The Paper Stage: Romeo and Juliet (Stuart Morrison)

The first public edition of The Paper Stage was also my first experience of a staged reading of a play in its entirety and it was a valuable experience for thinking about the relations between text and performance. I will discuss, briefly, a couple of what I consider to be the most interesting aspects of this first reading.

Firstly was that the reading was held in a very public place and that our readers had to do battle with the background noise of the Gulbenkian café and especially the hiss of the coffee machines. The ambient noise of commerce was a fitting reminder that the original performers of these plays would have had to contend with the noise of London’s street sellers and associated traffic. It also felt rather fitting that these noises dissipated as the evening went on, and after sunset the grim denouement of the play was read out into an eerily quiet room.

Secondly, that everyone – myself included – paid close attention to the text of the play, even those not reading a part. This created an interesting dynamic where if one were to look up from the text one would see a circle of bowed heads, listening and reading. The combination of the oral and the literal in this way was fascinating and it caused our cast to create characters using only their voice, which was done exceptionally well. The close following of the printed text also threw up some interesting issues surrounding authority and editorial practices, the most obvious being repositioned lines that caused confusion among the cast. The variety of editions that were on display each represent a version of the play that yearns to be seen as stable, and yet this reading proved how unstable the performance of texts can be.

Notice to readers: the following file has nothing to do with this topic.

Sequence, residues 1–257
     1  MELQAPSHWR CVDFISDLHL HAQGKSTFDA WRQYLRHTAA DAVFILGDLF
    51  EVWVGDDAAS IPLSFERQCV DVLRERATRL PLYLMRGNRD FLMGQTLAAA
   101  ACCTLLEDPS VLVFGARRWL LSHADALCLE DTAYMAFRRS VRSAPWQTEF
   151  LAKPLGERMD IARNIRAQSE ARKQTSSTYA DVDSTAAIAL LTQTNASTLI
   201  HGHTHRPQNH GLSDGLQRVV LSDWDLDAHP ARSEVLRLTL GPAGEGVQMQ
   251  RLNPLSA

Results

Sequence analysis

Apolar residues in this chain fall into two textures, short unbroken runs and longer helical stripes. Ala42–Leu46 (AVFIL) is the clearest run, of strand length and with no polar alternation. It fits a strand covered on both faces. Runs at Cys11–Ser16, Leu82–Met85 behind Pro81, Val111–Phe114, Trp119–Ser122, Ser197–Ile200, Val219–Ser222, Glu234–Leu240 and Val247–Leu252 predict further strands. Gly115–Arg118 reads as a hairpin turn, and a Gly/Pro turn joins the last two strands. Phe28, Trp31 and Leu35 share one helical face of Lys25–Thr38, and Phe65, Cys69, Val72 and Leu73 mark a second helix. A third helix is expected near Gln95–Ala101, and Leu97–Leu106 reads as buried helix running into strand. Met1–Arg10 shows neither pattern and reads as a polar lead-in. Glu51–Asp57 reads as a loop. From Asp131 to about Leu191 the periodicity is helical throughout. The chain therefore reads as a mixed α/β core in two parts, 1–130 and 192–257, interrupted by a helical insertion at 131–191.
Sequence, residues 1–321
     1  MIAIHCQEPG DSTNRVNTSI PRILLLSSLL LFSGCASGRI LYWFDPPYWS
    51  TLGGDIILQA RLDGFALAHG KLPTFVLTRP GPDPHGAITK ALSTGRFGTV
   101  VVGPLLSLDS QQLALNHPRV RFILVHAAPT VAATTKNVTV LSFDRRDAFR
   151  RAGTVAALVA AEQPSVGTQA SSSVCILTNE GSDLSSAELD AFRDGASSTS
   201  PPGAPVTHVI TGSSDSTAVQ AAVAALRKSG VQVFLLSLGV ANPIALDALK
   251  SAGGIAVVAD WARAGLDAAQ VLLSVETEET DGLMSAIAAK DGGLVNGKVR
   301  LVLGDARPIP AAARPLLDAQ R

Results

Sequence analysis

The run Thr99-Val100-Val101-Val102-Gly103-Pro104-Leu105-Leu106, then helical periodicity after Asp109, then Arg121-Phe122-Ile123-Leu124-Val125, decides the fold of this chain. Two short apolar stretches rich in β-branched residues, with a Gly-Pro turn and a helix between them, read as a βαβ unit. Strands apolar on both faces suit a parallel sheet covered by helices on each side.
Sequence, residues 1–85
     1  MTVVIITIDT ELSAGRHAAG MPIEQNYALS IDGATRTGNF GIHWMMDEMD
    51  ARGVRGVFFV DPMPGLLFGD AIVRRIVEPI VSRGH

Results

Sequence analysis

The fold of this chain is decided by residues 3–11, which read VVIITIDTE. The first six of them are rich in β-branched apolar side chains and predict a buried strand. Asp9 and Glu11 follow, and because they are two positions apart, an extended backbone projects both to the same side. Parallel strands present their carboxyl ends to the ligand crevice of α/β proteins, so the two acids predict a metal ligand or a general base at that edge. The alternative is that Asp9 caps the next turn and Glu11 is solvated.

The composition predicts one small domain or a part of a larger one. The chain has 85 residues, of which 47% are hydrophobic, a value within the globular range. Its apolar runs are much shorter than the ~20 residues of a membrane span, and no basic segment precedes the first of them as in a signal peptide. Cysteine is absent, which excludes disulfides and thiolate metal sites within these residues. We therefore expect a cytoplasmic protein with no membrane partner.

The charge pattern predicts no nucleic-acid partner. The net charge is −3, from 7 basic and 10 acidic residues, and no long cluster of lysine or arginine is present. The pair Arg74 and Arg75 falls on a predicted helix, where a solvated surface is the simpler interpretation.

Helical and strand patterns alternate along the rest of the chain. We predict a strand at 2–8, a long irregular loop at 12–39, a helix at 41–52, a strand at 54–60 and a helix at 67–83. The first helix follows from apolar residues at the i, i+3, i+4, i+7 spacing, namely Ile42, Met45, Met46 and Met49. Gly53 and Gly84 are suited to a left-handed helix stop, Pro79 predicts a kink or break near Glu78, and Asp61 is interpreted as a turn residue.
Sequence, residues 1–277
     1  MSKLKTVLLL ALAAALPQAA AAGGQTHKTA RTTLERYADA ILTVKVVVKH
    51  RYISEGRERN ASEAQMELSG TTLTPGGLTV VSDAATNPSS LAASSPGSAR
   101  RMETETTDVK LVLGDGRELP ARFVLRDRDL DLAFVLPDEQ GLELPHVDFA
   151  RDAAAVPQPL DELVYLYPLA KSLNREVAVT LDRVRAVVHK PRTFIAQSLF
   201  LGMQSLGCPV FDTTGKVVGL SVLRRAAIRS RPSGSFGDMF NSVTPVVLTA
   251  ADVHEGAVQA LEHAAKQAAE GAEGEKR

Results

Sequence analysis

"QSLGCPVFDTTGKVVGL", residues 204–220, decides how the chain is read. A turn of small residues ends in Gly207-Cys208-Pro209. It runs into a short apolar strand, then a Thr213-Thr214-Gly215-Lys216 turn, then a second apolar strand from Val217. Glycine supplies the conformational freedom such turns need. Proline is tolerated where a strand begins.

Finally, engaging with Romeo and Juliet in this way enabled me to focus more on the language of the play and it struck me that it can be seen as an experiment with the sonnet form. Lines are shared and rhymes are completed between characters so frequently and there is a sense that most relationships in the play are created through this sharing, whether it is best friends sharing jokes, lovers meeting for the first time, parents speaking with their children, or sworn enemies arguing in the street. Furthermore the overall linguistic structure of the play mimicked certain aspects of sonnets, first with an anatomisation of the body (focusing particularly on the eyes), second with a transition to the language of banishment and solitude, and finally with an emphasis on the language of disease, decrepitude, and death. The presence of these repeated groupings of words added to the intensity of the reading and this linguistic intensity was much more noticeable than in productions I have seen.

My experience of this first public Paper Stage reading was truly rewarding and I am looking forward to next month’s play already.


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